- Don’t kill us because we’ve become too much of a burden. You should have thought about what it takes when you bring us into your life.
- Keep us trim, healthy, and fit.
- Turn down the irritating noise.
- We don’t need to be perfumed or have our toes painted. Just give us love.
- Don’t give up on us. We have bad days just like you do.
The bottom line is simple: dogs need more freedoms.
When dogs talk with their ears, eyes, tails, faces, mouths, bodies, and hearts it’s best to listen to them very carefully
Every day should be National Dog Day and let them feel the love. If you think they need more, then err on the side of “too much,” because it’s likely that they can handle all of the positive energy you give to them. The bottom line is to spend lots of time with them, let them snuggle if they want to, have a nice chat, show them how much they mean to you and how important they are to you, and let them feel boundless love. Sometimes when I hear people say how much they love their dog and then mistreat them, I say I’m glad they don’t love me.
Work hard to have a mutually tolerant relationship in which there’s give-and-take on both ends of the leash or when they’re running free. Let them be a dog, try to tolerate some dog-appropriate, but not human-appropriate behavior , let them know they’re really loved by giving them lots of attention and affection, teach them to thrive in human environs, give them lots of choices and provide variety in feeding, walking, and making friends, and be loyal to them. This makes their and your life as good as it can be, a win-win for all. Living with a dog is good if it’s good for you and the dog .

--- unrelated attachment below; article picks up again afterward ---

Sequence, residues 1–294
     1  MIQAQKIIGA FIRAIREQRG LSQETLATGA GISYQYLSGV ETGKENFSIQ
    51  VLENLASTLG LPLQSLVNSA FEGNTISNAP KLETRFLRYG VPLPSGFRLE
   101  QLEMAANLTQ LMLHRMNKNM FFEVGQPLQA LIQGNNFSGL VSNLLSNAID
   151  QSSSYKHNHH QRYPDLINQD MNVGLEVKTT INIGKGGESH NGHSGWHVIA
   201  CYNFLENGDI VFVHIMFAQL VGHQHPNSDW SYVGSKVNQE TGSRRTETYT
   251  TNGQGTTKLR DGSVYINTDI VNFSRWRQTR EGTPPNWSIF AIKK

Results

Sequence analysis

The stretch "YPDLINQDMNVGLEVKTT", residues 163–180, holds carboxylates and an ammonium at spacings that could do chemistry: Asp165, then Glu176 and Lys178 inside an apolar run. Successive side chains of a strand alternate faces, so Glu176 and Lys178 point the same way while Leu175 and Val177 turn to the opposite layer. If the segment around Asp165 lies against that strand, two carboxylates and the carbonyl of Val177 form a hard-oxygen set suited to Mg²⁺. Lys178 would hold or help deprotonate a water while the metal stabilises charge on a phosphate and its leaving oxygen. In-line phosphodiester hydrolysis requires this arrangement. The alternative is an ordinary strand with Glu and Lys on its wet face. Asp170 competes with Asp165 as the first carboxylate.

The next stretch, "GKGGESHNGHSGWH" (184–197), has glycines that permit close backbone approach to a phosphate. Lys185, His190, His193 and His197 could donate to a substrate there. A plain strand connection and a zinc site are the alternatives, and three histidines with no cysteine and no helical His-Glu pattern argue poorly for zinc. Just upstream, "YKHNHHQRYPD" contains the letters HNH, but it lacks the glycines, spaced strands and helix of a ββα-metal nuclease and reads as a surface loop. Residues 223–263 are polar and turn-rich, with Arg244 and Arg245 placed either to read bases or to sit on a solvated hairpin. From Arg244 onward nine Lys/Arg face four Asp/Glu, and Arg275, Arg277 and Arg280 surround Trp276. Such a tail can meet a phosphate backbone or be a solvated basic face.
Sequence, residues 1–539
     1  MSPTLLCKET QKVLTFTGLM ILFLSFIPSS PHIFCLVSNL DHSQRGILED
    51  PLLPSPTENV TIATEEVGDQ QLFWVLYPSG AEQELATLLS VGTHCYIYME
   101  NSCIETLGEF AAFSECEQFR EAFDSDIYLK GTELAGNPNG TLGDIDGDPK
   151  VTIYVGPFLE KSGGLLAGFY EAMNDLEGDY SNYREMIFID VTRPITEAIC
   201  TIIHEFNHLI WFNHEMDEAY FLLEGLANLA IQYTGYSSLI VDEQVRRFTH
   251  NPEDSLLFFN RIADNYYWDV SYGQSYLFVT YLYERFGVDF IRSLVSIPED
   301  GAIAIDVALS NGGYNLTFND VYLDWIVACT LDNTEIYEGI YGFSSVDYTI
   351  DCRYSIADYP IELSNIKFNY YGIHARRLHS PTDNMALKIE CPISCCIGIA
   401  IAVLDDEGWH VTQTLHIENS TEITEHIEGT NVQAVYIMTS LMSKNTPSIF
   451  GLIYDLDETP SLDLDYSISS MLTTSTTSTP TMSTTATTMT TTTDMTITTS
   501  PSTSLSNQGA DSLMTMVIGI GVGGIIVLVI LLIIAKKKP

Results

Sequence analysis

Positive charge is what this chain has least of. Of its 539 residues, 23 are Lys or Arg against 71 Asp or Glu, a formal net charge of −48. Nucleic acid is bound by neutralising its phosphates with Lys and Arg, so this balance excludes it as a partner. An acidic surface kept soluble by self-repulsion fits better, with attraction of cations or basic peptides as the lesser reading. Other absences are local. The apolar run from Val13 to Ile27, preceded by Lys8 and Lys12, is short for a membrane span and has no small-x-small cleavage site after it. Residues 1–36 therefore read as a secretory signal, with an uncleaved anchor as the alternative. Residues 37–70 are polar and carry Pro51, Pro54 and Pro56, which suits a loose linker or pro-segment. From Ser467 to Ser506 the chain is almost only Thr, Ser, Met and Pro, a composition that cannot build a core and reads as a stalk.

We are most fortunate to have dogs in our lives, and we must work for the day when all dogs are fortunate to have us in their lives, too. We also can ask, what if we weren’t around to help dogs celebrate National Dog Day? All in all, it’s highly likely that many dogs wouldn’t notice our absence and some who live with humans might also do fine without us.
I hope that whatever people do to make August 26th a special day for their canine companion, they’ll continue doing it each and every day of the year. Stay tuned for further discussions of the behavior of a fascinating nonhuman being with whom many humans share their homes and their hearts and look to for wisdom and sage guidance.
Note 1: In one study, my students and I found that around 20% of people actually picked up their dog’s poop.
Bekoff, Marc, Canine Confidential: Why Dogs do What They Do. Chicago, University of Chicago Press, 2018.
_____. Do Dogs Hold Grudges?
_____. Why Dogs Growl.
_____. and Ickes, Robert. Behavioral Interactions and Con ict Among Domestic Dogs, Black-Tailed Prairie Dogs, and People in Boulder, Colorado. Anthrozoös, 12(2), 105-110, 1999.
_____. and Meaney, Carron. Interactions among Dogs, People, and the Environment in Boulder, Colorado: A Case Study. Anthrozoös, 10(1), 23-31, 1997.
_____ and Pierce, Jessica. Unleashing Your Dog: A Field Guide to Giving Your Canine Companion the Best Life Possible. Novato, California, New World Library, 2019.
Shayan, M. R. et al. “Bark parks”–a study on interdog aggression in a limited-control environment. Journal of Applied Animal Welfare Science 6, 25-32, 2003.
Siler, Wes. Why Dogs Belong Off-Leash in the Outdoors.
Todd, Zazie. The Role of Emotional Harm in Animal Cruelty.